Does Mental Illness Make Us Inconsistent?

Do you feel like “mental illness” causes a person to be “inconsistent?”
I’ll explain where I’m coming from… I think it’s an important topic:
I have usually been wishy washy with dating, and am not “confident” in saying “what I want.” Also, when I was in college, my professor called me “inconsistent,” mainly because I would play music, and the interpretation would sound different each time I played it, and in an uncontrolled manner. Certain parts would sound good, other parts not so good. My fingers would slip here and there as well, even though I had practiced well enough.
Over the years, I still see these “inconsistencies” and “wishy washy” moments in my life. In general, I don’t like making statements such as “This is what I want in a relationship,” and I like “this.” Instead, I try to be open-minded and spontaneous, but then that is determined to be wishy washy.
I’m noticing also, that this “wishy washy” mentality serves to my advantage in my new creative discipline of writing. My mind is flexible, and it formulates unique ideas and concepts because of this. But this “flexibility” is seen as a weakness in the “real” world, because it is indecisive.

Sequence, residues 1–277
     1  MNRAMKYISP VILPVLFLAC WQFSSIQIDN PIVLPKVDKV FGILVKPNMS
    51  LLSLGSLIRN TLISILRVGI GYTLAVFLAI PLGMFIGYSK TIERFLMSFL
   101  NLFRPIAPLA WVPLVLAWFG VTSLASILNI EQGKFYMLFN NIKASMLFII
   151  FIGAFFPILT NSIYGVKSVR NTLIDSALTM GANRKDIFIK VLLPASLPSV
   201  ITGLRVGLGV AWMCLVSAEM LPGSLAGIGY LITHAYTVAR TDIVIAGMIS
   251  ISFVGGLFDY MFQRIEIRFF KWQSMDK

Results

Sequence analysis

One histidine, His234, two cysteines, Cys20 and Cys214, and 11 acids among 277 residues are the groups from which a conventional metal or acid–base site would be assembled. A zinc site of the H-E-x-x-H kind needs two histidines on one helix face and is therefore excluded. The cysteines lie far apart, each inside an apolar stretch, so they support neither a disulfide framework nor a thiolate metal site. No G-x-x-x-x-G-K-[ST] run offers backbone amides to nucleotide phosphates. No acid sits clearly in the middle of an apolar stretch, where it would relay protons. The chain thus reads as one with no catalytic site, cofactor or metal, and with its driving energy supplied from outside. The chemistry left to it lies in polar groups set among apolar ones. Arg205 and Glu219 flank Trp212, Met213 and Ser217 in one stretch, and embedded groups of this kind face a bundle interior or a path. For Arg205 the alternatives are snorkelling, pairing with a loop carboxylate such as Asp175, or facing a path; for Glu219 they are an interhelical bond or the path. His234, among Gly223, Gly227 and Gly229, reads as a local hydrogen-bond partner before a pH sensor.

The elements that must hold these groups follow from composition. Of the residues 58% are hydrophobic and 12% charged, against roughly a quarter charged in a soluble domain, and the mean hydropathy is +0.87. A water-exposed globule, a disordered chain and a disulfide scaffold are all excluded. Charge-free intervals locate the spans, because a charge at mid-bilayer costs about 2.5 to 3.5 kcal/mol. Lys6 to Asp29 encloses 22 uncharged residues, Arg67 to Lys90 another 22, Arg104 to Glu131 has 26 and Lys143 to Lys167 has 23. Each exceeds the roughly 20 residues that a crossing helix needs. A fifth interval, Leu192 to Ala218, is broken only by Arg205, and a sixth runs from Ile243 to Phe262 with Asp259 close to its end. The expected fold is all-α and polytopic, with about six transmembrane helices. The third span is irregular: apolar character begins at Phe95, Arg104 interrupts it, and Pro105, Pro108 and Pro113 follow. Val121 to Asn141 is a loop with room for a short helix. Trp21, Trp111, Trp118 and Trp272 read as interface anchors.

I wonder… perhaps more and more of us are “wishy washy” these days than we think. We all have multiple interests and passions, and our feelings are one way one day, and another another. And yet we are supposed to fit into a cookie cutter of a mold… especially in schools and in the workplace. Going on a job interview or a college interview, and then you get shut down for talking about your non-related interests? HR recruiters, crossing out people who express an enthusiasm for going back to school, or climbing up the career ladder?

All of this perhaps is “inconsistent.”

I take huge offence to the word these days.


2 thoughts on “Does Mental Illness Make Us Inconsistent?

  1. Doesn’t it just mean you can hear your heart as well as your head? Few people can, it doesn’t put food on the table or win the prize to sing from the heart – until it does (think Bowie, or Adele or Brahms)

    Even inconsistent interpretations of the same piece mean your heart wants to sing while your head wants to get the technique right.

    Keep writing and writing. Your words do sing.


  2. Aw, thanks for your kindness! Yeah, writing is passion for me. It’s the only way one can keep going despite “failure” or “lack of recognition.” It’s also why I cant do music… lack of drive in that department.

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